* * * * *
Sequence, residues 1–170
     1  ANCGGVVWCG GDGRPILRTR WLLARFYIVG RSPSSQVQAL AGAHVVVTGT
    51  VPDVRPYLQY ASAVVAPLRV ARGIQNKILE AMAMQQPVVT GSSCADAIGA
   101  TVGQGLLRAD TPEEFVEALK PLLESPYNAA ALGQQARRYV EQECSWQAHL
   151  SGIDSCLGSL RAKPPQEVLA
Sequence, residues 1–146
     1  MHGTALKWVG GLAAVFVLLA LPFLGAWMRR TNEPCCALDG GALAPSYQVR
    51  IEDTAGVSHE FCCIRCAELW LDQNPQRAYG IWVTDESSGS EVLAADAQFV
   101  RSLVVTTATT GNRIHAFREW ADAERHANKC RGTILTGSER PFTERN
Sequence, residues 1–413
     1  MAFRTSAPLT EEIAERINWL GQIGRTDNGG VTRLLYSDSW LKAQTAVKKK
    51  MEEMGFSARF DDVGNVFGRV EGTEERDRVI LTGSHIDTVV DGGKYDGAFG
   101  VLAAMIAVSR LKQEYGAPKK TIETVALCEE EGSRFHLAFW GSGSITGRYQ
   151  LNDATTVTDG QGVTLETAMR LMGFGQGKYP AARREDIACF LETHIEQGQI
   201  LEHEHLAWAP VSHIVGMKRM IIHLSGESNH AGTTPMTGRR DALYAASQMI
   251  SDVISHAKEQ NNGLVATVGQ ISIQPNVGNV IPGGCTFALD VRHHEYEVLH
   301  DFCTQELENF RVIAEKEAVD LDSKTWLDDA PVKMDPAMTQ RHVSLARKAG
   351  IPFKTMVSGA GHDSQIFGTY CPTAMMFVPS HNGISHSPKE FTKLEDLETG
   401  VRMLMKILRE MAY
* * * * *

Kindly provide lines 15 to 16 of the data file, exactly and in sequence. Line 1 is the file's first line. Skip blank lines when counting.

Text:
   201  LEHEHLAWAP VSHIVGMKRM IIHLSGESNH AGTTPMTGRR DALYAASQMI
   251  SDVISHAKEQ NNGLVATVGQ ISIQPNVGNV IPGGCTFALD VRHHEYEVLH